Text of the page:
That kind of thing gets filed in courts EVERY DAY. If you like twisted entertainment, and have a PACER account, good defendant names to search on are things like “Obama, Barack”, because every inmate suit names him as a defendant. You can learn about things like the deprivation of Constitutional rights because the Missouri Bureau of Prisons charges $1.00 per minute for international long distance telephone calls, people with radio receivers implanted in their heads by the CIA, and things like the case above which are, just weird.

    But, really, read that civil complaint and remember it the next time the “OMG Crazy Lawsuit Filed!” story comes around.

  22. says

    Drilling into the Money.com article:
    Guys like PlaceBook.com and PartyBook.com shut down or changed the name of their business – albeit it looks like they have kept ownership of the domains.

    Per John Berryhill’s comment:
    “Trademarks are not about mechanical string permutation rules. The point is consumer perception:”

    Would a business that competes with Comcast called “Spacecast”, “Placecast”, “Partycast”, Faithcast” or even “Companycast” or “Commuicationcast” be perceived by the consumer to be a part of Comcast ?

    Doubtful – so what is the difference between a cast (or broadcast) and a book (or guestbook) ?

  23. John Berryhill says

    “Would a business that competes with Comcast called “Spacecast”, “Placecast”, “Partycast”, Faithcast” or even “Companycast” or “Commuicationcast” be perceived by the consumer to be a part of Comcast ?

    Doubtful – so what is the difference between a cast (or broadcast) and a book (or guestbook) ?”

    Brian, that’s exactly what I’m driving at. The point here is consumer perception. The expectation that fact-intensive questions follow mechanical rules is folly. Consumer perception is not rational.

    I guess Mike could better explain the distinction that lawyers make when using the phrase “question of law” versus “question of fact”.

    But, to respond to your question, there is no question that Comcast is in the broadcasting business, and that its name is suggestive of “communication” and “broadcast” as root terms. Neither Facebook nor Teachbook are selling, printing, distributing, or doing anything else with books. They are running online community sites. Whether that generates confusion in the relevant market is irreducibly a triable issue of fact.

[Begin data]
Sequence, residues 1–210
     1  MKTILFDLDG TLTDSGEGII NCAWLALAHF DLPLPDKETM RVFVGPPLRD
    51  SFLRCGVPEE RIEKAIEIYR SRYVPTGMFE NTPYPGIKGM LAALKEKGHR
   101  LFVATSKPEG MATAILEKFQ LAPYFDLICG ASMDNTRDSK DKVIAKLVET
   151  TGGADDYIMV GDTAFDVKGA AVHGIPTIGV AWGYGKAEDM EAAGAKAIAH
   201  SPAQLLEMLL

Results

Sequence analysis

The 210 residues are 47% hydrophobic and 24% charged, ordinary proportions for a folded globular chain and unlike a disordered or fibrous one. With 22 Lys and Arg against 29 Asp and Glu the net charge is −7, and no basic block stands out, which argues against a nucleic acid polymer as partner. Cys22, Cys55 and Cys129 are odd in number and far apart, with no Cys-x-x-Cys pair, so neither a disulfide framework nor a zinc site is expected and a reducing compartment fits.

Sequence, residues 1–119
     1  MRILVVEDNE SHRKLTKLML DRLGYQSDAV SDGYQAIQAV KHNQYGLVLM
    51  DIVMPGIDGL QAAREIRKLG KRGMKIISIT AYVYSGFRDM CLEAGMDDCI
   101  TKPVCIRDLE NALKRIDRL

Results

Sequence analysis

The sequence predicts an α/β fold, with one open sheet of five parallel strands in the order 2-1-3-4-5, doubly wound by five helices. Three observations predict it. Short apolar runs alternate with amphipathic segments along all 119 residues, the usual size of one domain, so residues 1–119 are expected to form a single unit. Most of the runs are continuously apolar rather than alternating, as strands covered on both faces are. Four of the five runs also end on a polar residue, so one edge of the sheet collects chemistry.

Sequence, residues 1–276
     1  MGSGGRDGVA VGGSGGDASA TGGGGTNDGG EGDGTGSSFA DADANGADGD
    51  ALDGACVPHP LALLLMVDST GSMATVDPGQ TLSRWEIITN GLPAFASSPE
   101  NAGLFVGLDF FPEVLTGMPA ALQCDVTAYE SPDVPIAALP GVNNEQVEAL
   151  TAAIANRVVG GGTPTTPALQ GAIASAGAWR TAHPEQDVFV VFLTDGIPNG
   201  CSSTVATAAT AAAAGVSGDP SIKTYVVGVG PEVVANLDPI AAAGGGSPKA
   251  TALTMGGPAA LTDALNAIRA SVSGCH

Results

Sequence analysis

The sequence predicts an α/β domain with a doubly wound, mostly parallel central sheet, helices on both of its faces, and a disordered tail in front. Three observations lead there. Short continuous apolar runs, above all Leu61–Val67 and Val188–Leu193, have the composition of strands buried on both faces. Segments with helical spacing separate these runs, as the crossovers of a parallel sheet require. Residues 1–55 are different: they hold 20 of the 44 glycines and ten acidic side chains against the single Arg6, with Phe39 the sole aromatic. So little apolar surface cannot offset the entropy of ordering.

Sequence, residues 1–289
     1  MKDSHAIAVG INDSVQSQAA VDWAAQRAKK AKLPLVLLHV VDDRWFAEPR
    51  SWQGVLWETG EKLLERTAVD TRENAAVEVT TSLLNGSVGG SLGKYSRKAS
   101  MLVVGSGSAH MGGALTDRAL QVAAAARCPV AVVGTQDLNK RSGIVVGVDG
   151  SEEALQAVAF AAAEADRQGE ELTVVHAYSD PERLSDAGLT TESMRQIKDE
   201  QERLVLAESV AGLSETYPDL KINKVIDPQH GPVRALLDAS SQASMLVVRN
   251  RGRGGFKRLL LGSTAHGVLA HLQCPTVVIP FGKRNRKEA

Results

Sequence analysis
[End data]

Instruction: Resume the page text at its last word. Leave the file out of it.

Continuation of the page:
I’ll continue to wait for the inevitable collision between Verisign and Verizon, which will be Verifun, but I will make a bold prediction about this Teachbook/Facebook suit: It is unlikely to ever go to a decision.

    Also, given that these two have been duking it out in the USPTO in the opposition proceeding against Teachbook’s registration application (which has been going on for months already), there are already filings that give a good flavor of where this is heading.

  24. says

    Do you ask for a tissue or Kleenex – hasn’t Kleenex become a term (not a brand) representing the entire tissue business ?
    Isn’t that what facebook has become to social networking ? – “Book” (not the “FACEBOOK” brand) has become a generic term associated with social networking

    Until Microsoft came on the scene – was “soft” used in any other TM that sold computer software ?
    Is this a dotted line to Facebook’s overbroad “book” claim.

    Archive.org shows AdoptionBook.com had been used since 1999 as an adoption resouce and social networking forum -demonstrating “book” has been used in a social networking forum long before facebook – this not being as generic a BlackBook.com.
    And considering I already own SpaceBook.com (1999) and FaithBook.com (2001) a few days ago opted to buy AdoptionBook.com from the NetSol prereleases at NameJet.

    Anyone going to a ???Book.com site knows it is not associated with the “FACEBOOK” brand – especially with all the recent press.

    All I can say is thanks facebook for reinforing the “book” and social networking

  25. Atala says

    Unless they have some similar template to facebook, i think facebook has no reason to sue them….but oh well